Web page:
At NorthStar Vets in Robbinsville, N.J., they believe clients feel more comfortable when they have their pets close. So the practice team included pet-friendly furniture in all their client spaces. The Crypton fabric they used on the upholstery is specially designed to withstand the veterinary rigors of pet hair, bodily fluids, and nails.

THE PROS

Manufacturers have developed much more durable fabrics, originally for the restaurant industry. And these relatively new products repel urine and resist odor. With aesthetics and expectations changing for veterinary facilities, practice owners are choosing these sophisticated furnishings more often.

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Photo courtesy of Hugh Loomis, Daniel Hedden Photography

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THE TREND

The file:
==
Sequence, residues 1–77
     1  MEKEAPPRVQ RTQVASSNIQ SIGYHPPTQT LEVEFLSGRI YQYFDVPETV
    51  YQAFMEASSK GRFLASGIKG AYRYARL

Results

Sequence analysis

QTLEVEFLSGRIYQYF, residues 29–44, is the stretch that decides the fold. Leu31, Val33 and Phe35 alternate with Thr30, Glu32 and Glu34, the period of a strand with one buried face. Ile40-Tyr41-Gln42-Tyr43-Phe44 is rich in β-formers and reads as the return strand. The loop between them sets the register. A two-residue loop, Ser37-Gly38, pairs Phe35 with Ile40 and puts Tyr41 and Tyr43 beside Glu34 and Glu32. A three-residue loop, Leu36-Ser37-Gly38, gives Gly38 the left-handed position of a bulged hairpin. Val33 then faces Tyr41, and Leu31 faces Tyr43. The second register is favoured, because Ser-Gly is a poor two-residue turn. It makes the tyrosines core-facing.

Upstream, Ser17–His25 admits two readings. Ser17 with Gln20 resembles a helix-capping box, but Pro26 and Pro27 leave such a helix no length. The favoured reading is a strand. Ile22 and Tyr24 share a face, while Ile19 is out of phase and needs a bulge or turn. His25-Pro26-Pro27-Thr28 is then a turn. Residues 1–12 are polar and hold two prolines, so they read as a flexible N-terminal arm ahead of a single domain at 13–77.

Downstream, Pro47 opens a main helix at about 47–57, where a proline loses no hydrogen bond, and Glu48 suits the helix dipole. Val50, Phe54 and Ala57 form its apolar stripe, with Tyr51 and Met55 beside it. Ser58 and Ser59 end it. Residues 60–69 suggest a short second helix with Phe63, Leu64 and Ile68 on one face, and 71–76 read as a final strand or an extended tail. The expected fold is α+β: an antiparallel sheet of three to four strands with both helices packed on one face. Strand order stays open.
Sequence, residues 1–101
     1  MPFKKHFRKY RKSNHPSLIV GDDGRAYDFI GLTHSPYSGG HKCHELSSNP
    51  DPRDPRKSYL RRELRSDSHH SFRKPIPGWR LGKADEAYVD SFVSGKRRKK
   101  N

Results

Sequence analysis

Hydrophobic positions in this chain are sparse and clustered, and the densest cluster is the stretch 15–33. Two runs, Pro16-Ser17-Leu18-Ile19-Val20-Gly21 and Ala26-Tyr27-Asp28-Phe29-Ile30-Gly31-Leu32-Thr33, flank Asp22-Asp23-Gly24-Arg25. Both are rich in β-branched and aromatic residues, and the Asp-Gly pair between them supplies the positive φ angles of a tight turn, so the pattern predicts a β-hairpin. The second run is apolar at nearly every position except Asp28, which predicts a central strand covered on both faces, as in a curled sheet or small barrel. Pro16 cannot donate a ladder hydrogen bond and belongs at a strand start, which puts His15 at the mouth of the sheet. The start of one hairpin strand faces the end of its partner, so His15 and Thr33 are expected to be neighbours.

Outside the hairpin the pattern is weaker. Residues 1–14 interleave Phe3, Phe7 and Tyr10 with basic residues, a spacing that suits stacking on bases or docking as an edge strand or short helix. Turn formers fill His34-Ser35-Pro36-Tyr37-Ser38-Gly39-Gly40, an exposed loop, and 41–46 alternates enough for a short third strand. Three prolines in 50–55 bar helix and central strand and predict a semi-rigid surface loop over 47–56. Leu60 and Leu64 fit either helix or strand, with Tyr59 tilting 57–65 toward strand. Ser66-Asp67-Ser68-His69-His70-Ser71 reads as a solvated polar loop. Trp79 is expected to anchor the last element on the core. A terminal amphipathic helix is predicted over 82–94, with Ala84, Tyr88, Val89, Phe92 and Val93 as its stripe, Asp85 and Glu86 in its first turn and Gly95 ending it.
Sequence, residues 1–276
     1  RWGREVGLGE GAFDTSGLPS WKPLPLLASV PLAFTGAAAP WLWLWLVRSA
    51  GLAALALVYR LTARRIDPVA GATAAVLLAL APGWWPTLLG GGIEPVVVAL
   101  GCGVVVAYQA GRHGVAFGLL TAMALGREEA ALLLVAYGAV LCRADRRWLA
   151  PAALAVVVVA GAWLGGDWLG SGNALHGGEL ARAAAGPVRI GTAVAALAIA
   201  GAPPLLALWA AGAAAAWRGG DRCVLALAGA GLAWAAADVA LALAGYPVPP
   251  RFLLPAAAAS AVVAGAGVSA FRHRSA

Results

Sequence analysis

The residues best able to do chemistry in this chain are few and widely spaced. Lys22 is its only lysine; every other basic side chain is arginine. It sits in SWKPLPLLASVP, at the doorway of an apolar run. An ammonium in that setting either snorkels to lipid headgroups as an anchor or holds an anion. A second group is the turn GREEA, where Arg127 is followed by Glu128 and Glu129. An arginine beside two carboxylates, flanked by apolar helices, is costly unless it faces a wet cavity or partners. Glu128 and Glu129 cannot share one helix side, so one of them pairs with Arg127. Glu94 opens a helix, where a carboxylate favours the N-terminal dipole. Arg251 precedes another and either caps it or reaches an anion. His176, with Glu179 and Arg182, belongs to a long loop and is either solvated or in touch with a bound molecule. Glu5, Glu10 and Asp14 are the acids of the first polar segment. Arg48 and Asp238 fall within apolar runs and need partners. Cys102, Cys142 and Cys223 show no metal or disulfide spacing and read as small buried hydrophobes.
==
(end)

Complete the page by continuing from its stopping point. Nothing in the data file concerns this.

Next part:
Soft furnishings

Clients at Animal Surgical Clinic of Seattle, located in Shoreline, Wash., often travel long distances and will spend a lot of time waiting during surgery and other procedures. The hospital owners wanted to create calm, comfortable places for them to wait, including upholstered chairs and a rug in the main waiting area next to the fireplace.

THE CONS

"Upholstered furniture became more affordable in the past 10 years," Chapel says. "So it's not as cost prohibitive to replace these pieces when they get crummy. But you will need to replace them."

Photo courtesy of Cammie Owen

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THE TREND

Custom art

Statues, prints, oil paintings, and mixed media—art of every kind is finding its way into new practices.

The main lobby of Charleston Veterinary Referral Center in Charleston, S.C., features this large mural (below), painted by a local artist. The practice owners incorporated this unique piece of art to reflect Charleston’s surrounding beauty, a landscape that clients will recognize and appreciate.

THE PROS

"The days of hanging nothing but flea life cycle posters and dogs playing poker are gone," Chapel says. "As hospitals have gotten more sophisticated in their designs, so has the art they choose to display."